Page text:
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1

You need to acquire a light fixture mounting bracket. The type that you need would look like the bracket as shown in the picture below: Install it through the longer slotted holes into the existing electrical box holes. You can use the screws from the old light fixture. Due to the deep recess of the electrical box the bracket arm with the long slotted ...


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So long as you will not overload the circuit (figure out what all is on the circuit), you should be fine.


2

The noise is coming from the ballast (the part which converts 120 or 240 (or whatever the local standard is) VAC to the voltage and current required for the fluorescent bulb. Given that the fixture no longer works with a new bulb, that has failed, but some portion of it is still trying to work and the high-speed electrical switching common in newer-style ...


1

The simplest solution would be to disconnect the electrical connection within in the light fitting. If the fitting in question is not the last fitting in the "chain", you might need to keep the incoming and outgoing switched connections joined to pass the power on to the next fitting. Usual disclaimer - only do this if you know what you're doing and switch ...


1

These all work a little different but basically you have your outlet with the two mounting screws sticking out, the plate, and the light. The plate needs to be secured by the two mounting screws which seems to be the issue right now. It might slide in from a certain angle or the screws might have a nut (each) that came off on the other side. It looks like ...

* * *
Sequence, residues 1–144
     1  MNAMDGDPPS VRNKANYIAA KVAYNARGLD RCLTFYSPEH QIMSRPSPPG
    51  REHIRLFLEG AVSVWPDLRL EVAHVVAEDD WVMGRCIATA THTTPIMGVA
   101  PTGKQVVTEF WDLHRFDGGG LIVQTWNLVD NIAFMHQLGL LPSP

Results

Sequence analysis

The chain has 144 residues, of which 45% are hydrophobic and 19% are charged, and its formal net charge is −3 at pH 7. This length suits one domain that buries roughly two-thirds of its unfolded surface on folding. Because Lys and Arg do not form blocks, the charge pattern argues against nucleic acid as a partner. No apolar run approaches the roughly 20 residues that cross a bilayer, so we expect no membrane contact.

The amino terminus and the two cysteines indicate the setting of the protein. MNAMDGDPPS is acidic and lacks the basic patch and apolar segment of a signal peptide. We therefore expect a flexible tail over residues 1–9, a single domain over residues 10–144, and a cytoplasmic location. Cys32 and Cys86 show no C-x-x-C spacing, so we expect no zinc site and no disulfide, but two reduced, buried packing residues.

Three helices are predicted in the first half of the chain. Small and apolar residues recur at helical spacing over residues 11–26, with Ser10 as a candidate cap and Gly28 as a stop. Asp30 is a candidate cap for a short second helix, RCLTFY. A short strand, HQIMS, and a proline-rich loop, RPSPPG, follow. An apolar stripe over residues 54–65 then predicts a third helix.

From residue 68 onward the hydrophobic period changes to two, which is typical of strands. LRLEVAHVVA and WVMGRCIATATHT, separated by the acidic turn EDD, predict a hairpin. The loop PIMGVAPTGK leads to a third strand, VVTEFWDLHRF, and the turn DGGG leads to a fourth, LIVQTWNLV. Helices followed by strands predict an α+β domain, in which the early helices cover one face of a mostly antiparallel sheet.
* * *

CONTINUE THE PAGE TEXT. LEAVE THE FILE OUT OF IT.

9

1 - TURN OFF THE ELECTRICAL SUPPLY, preferably from the breaker, not just the switch. Those two screws you see protruding from the box are there to hold up the light fixture. Extend these screws to their full length so that they are in the electrical box, but are as long as they can get. Remove the glass and possibly the lightbulbs from the fixture. You ...


0

Sounds like you have a short (hot to switched) that is providing power directly to the light, bypassing the switches. Start with checking any junction boxes or splices, and any exposed wiring that might have been gnawed on by animals. Or if you have had carpenters/construction (amateur or professional) when the problem started, suspect a nail through a ...


0

You have a pilot light switch. Some are on when the circuit is on, others are on when the circuit is off and some can be set either way. It sounds like what you want is an illuminated switch, one that guides you to the switch in the dark so you can turn it on. While some pilot light switches can do that (and yours might), the simple illuminated switches ...


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You have it right. Remember that capacitors can store power for some time, so be careful when handling. I would recommend removing the ignitor, capacitor, and ballast to ensure some future user does not attempt to incorrectly re-wire the fixture. Remember, safety first: turn off and secure the power supply prior to servicing.



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